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Defense Mechanisms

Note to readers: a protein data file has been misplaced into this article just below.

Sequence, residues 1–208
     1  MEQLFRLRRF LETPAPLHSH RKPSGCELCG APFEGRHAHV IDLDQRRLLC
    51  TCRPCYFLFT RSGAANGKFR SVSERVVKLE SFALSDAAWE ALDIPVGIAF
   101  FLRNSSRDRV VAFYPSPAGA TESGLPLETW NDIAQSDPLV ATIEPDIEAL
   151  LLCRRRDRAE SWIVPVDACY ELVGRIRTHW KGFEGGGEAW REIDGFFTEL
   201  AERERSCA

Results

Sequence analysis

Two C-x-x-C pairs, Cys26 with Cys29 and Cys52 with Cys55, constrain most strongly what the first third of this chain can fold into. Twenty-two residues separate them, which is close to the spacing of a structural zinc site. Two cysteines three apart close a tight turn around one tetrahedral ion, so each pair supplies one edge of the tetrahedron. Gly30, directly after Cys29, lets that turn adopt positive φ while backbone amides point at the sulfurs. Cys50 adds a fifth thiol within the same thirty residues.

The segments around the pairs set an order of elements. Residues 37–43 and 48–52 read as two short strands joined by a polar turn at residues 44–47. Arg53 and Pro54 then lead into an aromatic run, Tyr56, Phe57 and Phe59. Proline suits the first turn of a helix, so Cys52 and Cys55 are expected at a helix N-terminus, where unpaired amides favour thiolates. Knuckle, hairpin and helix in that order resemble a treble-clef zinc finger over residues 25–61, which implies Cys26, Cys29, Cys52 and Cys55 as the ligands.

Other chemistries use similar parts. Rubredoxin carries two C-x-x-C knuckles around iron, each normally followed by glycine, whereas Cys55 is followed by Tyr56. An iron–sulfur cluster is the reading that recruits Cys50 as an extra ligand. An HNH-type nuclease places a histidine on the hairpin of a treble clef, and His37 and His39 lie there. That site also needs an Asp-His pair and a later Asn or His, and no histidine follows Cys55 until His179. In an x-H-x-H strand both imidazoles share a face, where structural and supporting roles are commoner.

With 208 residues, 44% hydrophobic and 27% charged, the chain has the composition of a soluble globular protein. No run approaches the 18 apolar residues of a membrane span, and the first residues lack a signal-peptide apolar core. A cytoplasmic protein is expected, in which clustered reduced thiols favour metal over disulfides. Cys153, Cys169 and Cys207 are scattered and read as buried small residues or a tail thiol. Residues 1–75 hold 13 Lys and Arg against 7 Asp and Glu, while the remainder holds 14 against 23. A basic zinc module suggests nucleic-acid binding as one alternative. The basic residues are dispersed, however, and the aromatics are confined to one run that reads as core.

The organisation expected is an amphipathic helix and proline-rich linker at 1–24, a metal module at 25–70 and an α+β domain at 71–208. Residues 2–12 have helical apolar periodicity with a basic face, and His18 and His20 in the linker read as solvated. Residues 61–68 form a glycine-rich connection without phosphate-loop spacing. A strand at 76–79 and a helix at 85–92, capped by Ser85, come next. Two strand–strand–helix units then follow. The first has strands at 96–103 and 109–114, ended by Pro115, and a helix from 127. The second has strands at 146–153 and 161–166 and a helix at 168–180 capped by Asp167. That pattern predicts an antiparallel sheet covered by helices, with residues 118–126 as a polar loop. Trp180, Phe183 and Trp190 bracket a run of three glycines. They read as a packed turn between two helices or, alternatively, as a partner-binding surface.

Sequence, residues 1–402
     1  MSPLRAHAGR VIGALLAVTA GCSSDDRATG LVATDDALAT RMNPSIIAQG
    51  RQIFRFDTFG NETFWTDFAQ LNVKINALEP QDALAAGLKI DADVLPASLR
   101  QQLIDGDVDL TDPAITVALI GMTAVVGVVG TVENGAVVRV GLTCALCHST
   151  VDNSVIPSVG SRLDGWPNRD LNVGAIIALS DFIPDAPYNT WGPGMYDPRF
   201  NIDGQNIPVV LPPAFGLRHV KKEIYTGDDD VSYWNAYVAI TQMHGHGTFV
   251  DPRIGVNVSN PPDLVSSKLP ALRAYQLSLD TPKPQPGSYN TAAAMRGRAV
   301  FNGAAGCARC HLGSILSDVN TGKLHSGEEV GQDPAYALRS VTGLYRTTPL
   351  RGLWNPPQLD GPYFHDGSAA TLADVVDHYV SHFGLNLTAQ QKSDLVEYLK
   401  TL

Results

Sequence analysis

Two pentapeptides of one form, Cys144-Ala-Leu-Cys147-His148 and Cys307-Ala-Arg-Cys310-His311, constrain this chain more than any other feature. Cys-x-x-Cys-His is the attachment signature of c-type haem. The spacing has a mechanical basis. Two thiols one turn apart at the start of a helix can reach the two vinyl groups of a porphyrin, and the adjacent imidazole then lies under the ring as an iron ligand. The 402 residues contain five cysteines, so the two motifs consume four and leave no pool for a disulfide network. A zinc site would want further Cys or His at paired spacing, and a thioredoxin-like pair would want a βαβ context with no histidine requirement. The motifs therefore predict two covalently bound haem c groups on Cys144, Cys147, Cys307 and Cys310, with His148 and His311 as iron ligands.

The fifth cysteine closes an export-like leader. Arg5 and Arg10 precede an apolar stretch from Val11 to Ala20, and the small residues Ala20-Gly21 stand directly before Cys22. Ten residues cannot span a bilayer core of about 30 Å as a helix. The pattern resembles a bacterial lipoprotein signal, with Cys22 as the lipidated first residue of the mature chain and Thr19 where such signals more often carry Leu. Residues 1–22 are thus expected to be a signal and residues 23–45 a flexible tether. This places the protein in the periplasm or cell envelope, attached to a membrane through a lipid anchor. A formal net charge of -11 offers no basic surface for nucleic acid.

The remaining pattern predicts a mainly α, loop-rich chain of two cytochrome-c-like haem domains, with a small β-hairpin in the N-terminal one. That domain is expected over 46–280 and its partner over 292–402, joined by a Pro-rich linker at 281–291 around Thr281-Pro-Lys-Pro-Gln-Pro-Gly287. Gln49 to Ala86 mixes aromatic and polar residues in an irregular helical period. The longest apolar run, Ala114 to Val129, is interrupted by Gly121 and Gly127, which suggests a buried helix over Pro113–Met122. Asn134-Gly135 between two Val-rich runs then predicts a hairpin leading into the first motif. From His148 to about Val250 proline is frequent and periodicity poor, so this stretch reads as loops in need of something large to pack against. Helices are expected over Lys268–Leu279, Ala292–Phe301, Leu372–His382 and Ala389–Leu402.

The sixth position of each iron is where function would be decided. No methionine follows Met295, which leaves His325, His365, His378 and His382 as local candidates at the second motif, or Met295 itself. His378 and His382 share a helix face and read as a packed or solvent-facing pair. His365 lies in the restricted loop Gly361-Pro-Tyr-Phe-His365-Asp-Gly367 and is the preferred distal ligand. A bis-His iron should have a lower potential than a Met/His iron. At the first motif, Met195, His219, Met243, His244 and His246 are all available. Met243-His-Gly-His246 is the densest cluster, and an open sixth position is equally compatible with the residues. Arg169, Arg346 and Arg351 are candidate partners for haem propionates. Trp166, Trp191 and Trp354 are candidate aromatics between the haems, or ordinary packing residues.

Your heart is the center of all you do, all you feel, and all you think. It is child-like, vulnerable, and carefree until it learns to protect itself from being hurt. The defenses that we use act as walls to protect against emotional pain. Following is a list of typical "walls" we use to protect our hearts. Which walls do you identify with? Think of times when you are struggling the most and ask yourself which of these sets of behaviors you use. Avoidance: Avoidance pretends to see the full magnitude a trauma and/or sin but subtly reduces the size of the problem by moving it into the future. For example, I see that there is an elephant in the middle room. I agree with that fact and realize it is a big problem... but I'll just deal with it later. Maybe I'll have time tomorrow or maybe next week. Denial: Denial is when someone choosing to "look away" from or ignore the things in life that they don't want to deal with. Usually a person is aware of those things but chooses not to look them. For example, there's an elephant in the middle of the room, but instead of dealing with the problem you just look in the other direction and pretend it's not there. Displacement: Displacement is transferring an emotion from its original object to a safer, more acceptable substitute. For example, a man it criticized by his boss and feels belittled, unappreciated, and angry. Unable to express his anger at work for fear of retaliation, he comes home and takes it out on his wife, punishes his children, or kicks the dog. Dissociation: The mind uses dissociation to cope with traumatic events that are so immediately unbearable that the person cannot "stay in" the traumatic event. In attempt to "get out" of the situation part of the mind stays in the traumatic event and disconnects from the rest of the mind. That disconnected part of the mind carries the memories, thoughts, and feelings of the trauma while the other part functions separate from it. The person is often left feeling like "nothing happened" or that the trauma is "gone" except to that part of the mind. Distortion: When a person reshapes their external reality to suit their inner needs. This often involves delusions and hallucinations such as hearing voices that no one else can hear. Fantasy: This occurs when people find reality so painful that they escape through excessive daydreaming. Intellectualization: Intellectualization is when an individual avoids the awareness of feeling inferior and/or other unconscious conflicts by excessive use of intellectual vocabulary, thinking or discussion. It's when one retreats from emotions by surrounding themselves with philosophical or academic issues. Minimization: Minimization is very closely related to rationalization. It is trying to reduce the apparent size of a sin or trauma. It's usually done through logical distortions. For example, "Dad wasn't alcoholic or abusive - I mean, everyone in the neighborhood got drunk and beat their kids on the weekends. He wasn't actually trying to hurt us. Besides, lots of people have had it worse then me." Passive-aggressive behavior: This is when persons who have hostility towards some authority figure "get even" in a nonverbal, passive way such as pouting, procrastinating, acting inefficiently, or spreading secretive rumors about the resented person. Perfectionism: Perfectionism is a person refusing to do something unless they can do it perfectly. A person does this to protect themselves from disapproval and rejection by trying to always ensure that others will always be happy with what they do. It avoids dealing with the fear of rejection and disapproval as well as the underlying wounds and lies dealing with rejection and disapproval.